Not sure if we have the data for this sort of analysis, but I could easily imagine the argument that the economic and social loss caused by the denial of benefits to people who test positive might far surpass the economic and societal loss caused by allowing those people to obtain benefits. Like, maybe I am in the minority here, but I don't believe that looking for any reason to starve poor, uneducated people of their survival resources should really be an underlying tenet of our welfare philosophy.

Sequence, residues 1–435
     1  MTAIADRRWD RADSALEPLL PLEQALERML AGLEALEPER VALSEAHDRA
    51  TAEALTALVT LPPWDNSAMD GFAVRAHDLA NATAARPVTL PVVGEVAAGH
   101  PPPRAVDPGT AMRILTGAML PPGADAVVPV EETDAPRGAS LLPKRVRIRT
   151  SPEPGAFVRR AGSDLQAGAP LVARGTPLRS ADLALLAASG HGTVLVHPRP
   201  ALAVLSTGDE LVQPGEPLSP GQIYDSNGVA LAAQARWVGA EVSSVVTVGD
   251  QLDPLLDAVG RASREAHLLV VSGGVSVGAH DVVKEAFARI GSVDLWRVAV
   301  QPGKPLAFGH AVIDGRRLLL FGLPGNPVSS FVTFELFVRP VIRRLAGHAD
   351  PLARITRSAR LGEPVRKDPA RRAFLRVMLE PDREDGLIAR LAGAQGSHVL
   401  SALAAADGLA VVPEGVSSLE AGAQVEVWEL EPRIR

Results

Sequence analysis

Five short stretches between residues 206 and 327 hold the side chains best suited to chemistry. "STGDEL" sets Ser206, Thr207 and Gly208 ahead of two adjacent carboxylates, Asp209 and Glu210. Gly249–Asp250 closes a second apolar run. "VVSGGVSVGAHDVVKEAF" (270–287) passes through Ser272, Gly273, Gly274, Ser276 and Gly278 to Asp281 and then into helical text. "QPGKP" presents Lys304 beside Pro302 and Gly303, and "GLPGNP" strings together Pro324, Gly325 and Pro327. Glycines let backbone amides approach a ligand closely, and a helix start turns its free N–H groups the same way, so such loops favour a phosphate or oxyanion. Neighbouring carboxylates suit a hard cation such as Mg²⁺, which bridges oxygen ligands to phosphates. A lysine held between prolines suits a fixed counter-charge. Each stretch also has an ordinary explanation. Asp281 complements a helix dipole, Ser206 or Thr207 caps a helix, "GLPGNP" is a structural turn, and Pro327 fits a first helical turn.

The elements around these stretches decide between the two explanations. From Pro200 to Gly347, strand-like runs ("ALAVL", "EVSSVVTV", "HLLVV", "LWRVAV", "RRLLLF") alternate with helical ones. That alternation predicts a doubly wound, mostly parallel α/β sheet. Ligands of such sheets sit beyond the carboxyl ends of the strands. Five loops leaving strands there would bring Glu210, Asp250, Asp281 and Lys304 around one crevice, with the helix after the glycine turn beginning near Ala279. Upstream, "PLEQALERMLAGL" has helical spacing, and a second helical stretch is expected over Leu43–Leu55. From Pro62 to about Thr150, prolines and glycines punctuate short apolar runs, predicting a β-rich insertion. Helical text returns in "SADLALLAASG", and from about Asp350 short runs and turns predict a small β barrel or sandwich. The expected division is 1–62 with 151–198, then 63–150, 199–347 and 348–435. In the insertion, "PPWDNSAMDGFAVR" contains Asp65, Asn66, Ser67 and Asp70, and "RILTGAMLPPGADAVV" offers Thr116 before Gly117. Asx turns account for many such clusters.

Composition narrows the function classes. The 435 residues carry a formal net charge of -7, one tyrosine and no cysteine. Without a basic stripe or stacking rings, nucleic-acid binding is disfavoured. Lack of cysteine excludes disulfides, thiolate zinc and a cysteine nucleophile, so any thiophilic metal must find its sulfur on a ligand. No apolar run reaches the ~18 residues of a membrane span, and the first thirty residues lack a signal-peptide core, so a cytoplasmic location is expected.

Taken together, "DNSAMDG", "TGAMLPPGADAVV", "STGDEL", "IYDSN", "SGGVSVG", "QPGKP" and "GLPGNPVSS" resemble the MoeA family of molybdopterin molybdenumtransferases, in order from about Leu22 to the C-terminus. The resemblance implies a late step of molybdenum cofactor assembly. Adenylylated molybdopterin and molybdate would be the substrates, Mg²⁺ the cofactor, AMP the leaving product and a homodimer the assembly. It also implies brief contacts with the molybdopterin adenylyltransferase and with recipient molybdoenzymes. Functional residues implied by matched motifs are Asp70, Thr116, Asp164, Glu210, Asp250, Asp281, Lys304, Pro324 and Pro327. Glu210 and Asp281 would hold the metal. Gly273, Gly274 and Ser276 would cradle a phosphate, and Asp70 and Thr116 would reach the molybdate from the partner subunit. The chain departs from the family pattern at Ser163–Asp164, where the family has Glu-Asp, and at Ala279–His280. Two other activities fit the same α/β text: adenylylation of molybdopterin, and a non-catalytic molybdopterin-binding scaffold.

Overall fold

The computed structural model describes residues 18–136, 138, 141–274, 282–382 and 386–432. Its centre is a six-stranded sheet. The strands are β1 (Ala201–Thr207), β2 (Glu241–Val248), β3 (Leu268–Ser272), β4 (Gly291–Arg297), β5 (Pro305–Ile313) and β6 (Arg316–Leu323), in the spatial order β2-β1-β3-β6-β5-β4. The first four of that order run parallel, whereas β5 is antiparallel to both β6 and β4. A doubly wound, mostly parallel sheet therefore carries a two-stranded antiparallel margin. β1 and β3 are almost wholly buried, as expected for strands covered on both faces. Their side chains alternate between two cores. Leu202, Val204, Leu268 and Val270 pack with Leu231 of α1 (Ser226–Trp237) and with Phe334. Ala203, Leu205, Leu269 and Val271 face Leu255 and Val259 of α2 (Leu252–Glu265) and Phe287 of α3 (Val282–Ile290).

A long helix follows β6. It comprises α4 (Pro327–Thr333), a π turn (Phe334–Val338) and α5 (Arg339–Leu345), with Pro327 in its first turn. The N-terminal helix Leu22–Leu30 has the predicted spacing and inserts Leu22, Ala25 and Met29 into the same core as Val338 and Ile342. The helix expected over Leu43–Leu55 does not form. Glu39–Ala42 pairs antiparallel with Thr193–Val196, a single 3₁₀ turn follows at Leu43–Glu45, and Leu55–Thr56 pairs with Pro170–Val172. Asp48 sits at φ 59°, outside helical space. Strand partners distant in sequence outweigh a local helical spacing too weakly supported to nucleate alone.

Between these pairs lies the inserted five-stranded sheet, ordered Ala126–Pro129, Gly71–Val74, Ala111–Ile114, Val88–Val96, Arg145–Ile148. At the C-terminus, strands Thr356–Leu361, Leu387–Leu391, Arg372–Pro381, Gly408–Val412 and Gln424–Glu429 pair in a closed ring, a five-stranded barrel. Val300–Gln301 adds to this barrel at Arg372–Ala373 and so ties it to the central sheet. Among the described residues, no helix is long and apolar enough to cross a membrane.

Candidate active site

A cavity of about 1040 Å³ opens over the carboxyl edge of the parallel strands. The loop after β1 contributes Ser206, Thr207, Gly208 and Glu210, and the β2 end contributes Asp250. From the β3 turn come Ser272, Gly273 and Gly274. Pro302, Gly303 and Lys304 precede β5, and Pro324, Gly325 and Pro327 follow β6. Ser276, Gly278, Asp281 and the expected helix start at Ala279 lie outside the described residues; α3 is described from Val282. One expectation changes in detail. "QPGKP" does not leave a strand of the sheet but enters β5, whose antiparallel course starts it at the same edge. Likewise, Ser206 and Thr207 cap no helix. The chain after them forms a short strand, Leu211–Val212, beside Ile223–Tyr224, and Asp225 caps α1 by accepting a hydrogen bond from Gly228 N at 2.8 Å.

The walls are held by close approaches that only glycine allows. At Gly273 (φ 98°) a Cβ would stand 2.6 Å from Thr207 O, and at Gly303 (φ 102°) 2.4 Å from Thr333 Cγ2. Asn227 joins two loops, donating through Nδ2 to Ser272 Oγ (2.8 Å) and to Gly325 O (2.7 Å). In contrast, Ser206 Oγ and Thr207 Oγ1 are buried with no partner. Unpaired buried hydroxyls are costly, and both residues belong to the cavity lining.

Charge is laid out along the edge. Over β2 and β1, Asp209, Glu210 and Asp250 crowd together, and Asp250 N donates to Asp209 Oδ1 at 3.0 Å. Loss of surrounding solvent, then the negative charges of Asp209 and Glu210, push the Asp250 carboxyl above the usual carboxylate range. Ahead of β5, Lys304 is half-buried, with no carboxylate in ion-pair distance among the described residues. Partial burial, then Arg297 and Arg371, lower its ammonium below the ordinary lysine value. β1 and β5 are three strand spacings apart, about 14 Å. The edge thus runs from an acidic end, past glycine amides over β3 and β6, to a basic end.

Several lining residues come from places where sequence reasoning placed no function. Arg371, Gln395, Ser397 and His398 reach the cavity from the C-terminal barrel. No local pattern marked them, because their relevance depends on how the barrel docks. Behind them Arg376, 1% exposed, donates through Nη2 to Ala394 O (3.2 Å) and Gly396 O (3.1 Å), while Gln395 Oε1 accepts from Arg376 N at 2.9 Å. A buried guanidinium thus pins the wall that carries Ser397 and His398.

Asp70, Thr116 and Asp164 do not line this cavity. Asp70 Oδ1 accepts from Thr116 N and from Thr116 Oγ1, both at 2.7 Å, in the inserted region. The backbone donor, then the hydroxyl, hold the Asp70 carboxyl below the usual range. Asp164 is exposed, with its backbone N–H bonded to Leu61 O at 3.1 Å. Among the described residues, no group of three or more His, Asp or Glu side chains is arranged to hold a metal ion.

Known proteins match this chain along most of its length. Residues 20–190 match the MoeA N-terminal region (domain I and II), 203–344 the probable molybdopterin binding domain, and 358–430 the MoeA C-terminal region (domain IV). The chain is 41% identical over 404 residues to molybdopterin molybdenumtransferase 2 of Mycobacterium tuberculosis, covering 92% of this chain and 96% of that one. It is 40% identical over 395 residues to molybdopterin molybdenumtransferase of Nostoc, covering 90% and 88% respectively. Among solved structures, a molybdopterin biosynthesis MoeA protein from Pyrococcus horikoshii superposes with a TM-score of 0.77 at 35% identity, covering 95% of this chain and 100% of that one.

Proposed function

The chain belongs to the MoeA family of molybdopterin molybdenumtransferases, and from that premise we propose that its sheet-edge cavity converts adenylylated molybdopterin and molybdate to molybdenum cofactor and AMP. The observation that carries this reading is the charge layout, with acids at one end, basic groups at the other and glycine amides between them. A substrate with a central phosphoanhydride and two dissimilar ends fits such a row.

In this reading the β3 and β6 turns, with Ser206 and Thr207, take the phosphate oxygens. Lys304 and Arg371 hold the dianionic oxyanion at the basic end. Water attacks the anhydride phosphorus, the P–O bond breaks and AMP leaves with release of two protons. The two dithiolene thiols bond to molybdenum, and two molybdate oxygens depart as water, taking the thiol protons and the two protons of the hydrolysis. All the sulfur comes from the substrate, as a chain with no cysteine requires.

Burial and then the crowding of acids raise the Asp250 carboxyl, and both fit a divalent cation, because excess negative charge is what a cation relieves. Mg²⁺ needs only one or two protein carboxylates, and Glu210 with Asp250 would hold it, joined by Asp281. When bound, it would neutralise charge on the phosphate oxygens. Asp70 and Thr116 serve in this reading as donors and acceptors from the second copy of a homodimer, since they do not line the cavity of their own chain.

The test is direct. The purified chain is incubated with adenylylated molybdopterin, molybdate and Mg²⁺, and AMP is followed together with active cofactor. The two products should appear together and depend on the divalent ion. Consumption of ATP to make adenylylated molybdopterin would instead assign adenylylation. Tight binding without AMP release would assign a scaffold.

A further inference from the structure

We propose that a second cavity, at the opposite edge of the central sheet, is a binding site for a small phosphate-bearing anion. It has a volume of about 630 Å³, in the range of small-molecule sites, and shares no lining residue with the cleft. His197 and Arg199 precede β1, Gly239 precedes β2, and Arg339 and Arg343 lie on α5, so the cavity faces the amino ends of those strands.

Additionally, IMO, drug screening is a poor standard of evidence and would probably be a considerably imprecise mechanism both for effectively steering the flow of public money and for encouraging job skills. Testing positive for drugs doesn't mean that you purchased them yourself, so using a positive drug screen result as strong evidence that you would misuse public aid funds screams "Type I error." Positive drug screens also provide zero discernible evidence that you did or would do drugs in any way that was/would be irresponsible for your employment or financial situation. If you believe that it's possible to do drugs (like you know, legally drink alcohol) after working hours or on the weekends without ruining your economic productivity, then I don't see why responsible use should be inscrutably lumped together with "disabling" or "demotivating" use. While heavy use of certain drugs can surely exert their own independent effect on somebody's motivation to live independently and support themselves, a great deal of any correlation between drug use and motivation is probably endogenous. Lack of motivation probably exerts a much more consequential causal impact on drug use than drug use exerts on demotivation. Highly motivated drug users (I'm sure there are few of you in here, hiya friends) can agree. What matters more is probably whether the person is internally motivated and already has the tools to succeed, so treating drug use as some exogenous cause of demotivation would be a humongous analytical flaw, and I think it's generally a bad move to seriously base public policy decisions on humongous analytical flaws???